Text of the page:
Coffee is everywhere
Saying coffee beans are to Colombia what apple pie is to America is a serious understatement. It's a national symbol in the same sense, but you don't see apple-pie earrings, or apple seeds carved into furniture, or apple-pie theme parks complete with Ferris wheels and bumper boats. And the ubiquitous nature of coffee farms means that consumers are intimately familiar with not only beans, but the actual plants.
There are still hipsters, and they keep it even more local
Colombia isn't immune to the plague of coffee hipsterism: the country also has its fair share of bearded dudes in skinny jeans and gaudy eyeglasses ordering cortados and V60 pour-overs and pretending to work on their Macbook Pros. But being so close to coffee producers means that they can legitimately claim their beans are farm-to-table, and you can legitimately loathe them even more.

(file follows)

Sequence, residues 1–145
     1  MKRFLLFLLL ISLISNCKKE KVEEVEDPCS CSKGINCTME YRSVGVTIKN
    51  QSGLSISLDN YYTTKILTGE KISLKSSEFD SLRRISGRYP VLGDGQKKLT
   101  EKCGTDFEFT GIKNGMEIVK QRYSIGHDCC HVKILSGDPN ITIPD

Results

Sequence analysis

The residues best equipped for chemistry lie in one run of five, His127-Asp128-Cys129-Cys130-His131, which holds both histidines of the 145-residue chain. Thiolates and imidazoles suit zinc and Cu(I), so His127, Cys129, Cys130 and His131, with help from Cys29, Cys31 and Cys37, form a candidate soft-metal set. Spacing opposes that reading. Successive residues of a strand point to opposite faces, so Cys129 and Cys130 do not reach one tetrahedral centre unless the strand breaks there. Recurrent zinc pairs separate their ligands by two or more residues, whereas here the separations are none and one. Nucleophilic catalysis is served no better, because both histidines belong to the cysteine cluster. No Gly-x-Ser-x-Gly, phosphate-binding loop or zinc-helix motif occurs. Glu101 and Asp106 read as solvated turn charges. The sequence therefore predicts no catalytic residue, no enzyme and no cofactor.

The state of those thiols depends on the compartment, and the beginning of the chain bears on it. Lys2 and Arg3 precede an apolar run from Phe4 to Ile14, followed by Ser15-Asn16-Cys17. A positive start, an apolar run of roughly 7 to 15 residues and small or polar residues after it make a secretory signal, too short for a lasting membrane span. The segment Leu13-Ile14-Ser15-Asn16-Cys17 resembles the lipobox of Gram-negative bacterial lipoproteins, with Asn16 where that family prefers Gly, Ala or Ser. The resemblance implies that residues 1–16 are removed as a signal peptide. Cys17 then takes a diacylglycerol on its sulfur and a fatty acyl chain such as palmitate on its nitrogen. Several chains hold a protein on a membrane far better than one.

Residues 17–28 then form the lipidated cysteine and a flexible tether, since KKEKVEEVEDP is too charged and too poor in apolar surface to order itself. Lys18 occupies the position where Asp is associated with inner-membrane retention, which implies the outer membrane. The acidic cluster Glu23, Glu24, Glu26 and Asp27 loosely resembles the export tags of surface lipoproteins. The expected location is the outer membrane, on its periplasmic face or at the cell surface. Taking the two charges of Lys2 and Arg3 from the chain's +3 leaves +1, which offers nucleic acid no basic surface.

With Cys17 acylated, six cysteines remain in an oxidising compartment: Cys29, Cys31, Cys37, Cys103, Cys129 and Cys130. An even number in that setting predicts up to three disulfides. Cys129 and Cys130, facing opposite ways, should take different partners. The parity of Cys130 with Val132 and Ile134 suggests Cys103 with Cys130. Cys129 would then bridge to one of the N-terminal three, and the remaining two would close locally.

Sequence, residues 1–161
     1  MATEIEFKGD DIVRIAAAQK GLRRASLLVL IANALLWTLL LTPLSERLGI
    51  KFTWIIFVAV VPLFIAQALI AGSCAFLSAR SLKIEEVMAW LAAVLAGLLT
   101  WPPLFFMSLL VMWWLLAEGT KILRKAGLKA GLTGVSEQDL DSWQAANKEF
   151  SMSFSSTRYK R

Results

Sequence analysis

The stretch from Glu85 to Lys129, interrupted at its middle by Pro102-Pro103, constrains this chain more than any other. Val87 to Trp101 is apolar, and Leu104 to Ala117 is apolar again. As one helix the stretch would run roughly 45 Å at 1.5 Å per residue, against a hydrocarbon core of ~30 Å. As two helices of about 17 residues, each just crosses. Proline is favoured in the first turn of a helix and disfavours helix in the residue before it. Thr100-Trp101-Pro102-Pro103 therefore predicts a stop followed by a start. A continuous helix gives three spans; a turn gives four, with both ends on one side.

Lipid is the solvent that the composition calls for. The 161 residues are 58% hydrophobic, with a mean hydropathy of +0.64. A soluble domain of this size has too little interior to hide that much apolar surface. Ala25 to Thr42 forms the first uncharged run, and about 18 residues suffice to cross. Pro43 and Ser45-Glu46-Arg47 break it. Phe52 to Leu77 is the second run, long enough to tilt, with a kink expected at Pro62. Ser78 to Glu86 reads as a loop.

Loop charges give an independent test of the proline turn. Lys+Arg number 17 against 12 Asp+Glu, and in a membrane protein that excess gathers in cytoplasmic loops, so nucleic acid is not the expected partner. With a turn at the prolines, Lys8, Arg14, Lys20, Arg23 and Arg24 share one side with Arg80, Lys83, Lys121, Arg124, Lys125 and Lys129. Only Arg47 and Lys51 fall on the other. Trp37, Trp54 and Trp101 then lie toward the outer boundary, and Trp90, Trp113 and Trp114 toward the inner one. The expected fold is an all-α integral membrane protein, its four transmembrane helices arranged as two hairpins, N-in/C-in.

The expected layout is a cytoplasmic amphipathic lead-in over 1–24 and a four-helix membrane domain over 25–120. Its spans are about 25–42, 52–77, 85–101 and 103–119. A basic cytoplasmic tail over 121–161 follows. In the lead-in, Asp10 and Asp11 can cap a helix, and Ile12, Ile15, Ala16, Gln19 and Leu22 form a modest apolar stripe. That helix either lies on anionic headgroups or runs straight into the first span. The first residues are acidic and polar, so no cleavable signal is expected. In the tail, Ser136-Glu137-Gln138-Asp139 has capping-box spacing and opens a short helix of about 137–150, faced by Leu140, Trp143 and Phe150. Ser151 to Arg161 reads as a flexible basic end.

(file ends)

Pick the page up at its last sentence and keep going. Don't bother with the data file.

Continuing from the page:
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Dan Gentile is a staff writer at Thrillist. He'd like to thank the Colombian Coffee Growers Association for showing him around their fair country. Follow him to broken Spanish and fresh Huila beans at @Dannosphere.